Hasten Down the Wind

Running together seemed like a good idea when I was sitting behind the barrier of my laptop, but now I wasn't so sure

As I drove the 35-mile trek to Waterfall Glen, I realized it would make a good opening scene for a slasher film. I was heading to a heavily wooded park, far from the city, so I could run on an unpaved trail with a man I'd met on Twitter. I could see the headline in my mind: "Middle-Aged Woman Murdered as a Result of Being Stupid on Social Media."

When I looked at it objectively, I had to concede that I didn't really know Dan, not "in real life." If I passed him on the street, I doubt I'd recognize him. But we chatted online daily and I read his blog, so I was pretty sure he wasn't a criminal. We were both part of a large amorphous group of runners who lived in the Chicago area and followed each other on Twitter.

While I didn't know much about his background, I knew he was training for a marathon and wanted someone to join him for a long run. I was also getting ready for a race and needed to cover some miles. It made sense to team up. Besides, I'd met other strangers from Twitter and hadn't been stabbed or robbed. Yet.

I originally joined Twitter on a wave of confidence after conquering Facebook. But while Facebook is like going to a high school reunion full of friends and acquaintances, Twitter is like crashing a huge cocktail party full of strangers. How was I supposed to sift through the noise?

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A "Twitter Tip" told me I could search people's bios for mutual interests. "Hmm," I thought, "I like to run." So I began to follow some runners. As a newcomer to Chicago, I honed in on people in my adopted city. There was no shortage of local runners on Twitter, and they were a chatty bunch. From posts about their daily runs to construction updates on the Lake Front Trail to links for area races, they were a wealth of information. Having spent months hitting the pavement alone, I was happy to find a community of runners, even a virtual one.

Just like socializing in real life, interacting on Twitter is replete with angst. At first, I felt like the new girl sitting at the cool kids' table in the cafeteria, wanting to be included but afraid of saying anything cringe-worthy. Fortunately, the back-and-forth nature of the medium made it easy to jump in.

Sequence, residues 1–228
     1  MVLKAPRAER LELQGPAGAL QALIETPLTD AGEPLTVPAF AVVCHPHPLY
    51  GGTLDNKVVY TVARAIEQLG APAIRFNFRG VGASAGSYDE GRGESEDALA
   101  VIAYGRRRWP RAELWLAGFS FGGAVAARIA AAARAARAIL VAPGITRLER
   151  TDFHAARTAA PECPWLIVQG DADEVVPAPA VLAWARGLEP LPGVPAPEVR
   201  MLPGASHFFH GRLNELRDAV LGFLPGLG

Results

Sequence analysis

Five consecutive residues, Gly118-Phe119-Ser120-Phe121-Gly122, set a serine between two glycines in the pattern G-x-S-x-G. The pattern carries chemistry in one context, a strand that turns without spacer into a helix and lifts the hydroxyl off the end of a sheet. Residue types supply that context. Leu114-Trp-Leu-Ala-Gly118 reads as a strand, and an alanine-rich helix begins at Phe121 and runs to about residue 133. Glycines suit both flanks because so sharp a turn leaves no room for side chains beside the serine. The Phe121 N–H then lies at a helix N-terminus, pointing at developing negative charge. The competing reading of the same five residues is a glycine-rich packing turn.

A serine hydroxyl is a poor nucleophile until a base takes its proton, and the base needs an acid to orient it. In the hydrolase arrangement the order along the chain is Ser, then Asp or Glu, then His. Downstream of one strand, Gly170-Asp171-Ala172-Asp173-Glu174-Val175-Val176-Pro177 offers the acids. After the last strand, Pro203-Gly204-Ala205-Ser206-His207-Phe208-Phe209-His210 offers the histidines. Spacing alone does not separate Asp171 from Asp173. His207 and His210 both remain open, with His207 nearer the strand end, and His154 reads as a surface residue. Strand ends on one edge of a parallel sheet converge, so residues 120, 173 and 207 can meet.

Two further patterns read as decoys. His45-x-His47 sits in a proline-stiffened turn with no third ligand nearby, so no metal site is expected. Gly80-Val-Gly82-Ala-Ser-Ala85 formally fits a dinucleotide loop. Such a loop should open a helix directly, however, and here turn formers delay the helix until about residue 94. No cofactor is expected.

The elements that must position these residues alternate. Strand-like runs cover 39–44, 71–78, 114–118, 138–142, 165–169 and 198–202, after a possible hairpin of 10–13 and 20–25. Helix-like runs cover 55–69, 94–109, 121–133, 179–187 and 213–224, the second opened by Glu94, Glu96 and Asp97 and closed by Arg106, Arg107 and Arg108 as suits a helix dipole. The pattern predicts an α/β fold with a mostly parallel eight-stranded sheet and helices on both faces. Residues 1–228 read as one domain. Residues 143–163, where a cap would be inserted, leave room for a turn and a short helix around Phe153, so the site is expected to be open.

When people posted about their runs on rainy mornings, I commiserated about the weather. When someone asked about what brand of headphones to buy, I shared my opinions. Over time, I lurked less and interacted more until chatting with runners on Twitter became part of my daily routine. For the most part we talked about our workouts, but we also tweeted about music, current events, TV shows or other random topics.

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Since many of us lived in close proximity, we frequently did the same races, and it was just a matter of time before someone proposed getting together at a race. "Hey, if you're doing the Hot Chocolate 5K this weekend, meet at gear check before the race," one runner posted. Sure enough, there we were on race morning, introducing ourselves by name and Twitter handle.

Granted, there was some uncomfortable silence, but it was easy to break the ice: "Has anyone done this race before? What's the course like?" We stood around for a few minutes making small talk until it was time to head to the start line.

And so began a habit of "tweeting up" with people at races. Thanks to these informal, loosely planned gatherings, running started to feel less like a solitary endeavor and more like a group activity. No matter what race I did, there was usually someone I knew from Twitter there. Meeting up became the new normal, which is how I found myself going to run with Dan that morning.

But this was different. It wasn't five or ten people gathering for a few minutes at a large public event. It was just us. In the middle of nowhere. Running together for two hours. It had seemed like a good idea when I was sitting behind the impersonal barrier of my laptop, but now I wasn't so sure.

Truth be told, I was less worried about physical safety than I was about social awkwardness. What would we talk about? Making quips and jokes in 140 characters was easy compared to engaging in actual conversation. Maybe this "tweet up" was a bad idea. What if we had nothing in common? What if he was boring? Worse, what if I was? Most importantly, would I even recognize Dan when I got there?

As soon as I pulled in the parking lot, though, I spotted him. He was dressed in full running garb with compression socks, hydration belt and neon jacket. A runner dork, just like me. We hit the trail and soon discovered we had plenty of things to chat about. We knocked out the miles while we swapped tales of past marathon failures, shared stories about our kids, and of course, traded Twitter gossip: "Do you follow so-and-so? Did you see his post about such-and-such?" Just like real life.

When we finally got back to the parking lot, we cooled down and made plans to run again the following week. We then said our goodbyes. As I waited for my car to warm up, l logged on to Twitter to post about the run. Dan had already beaten me to the punch, with a tweet thanking me for joining him. I tucked my phone in my bag, grabbed a sip of water and began my drive back home.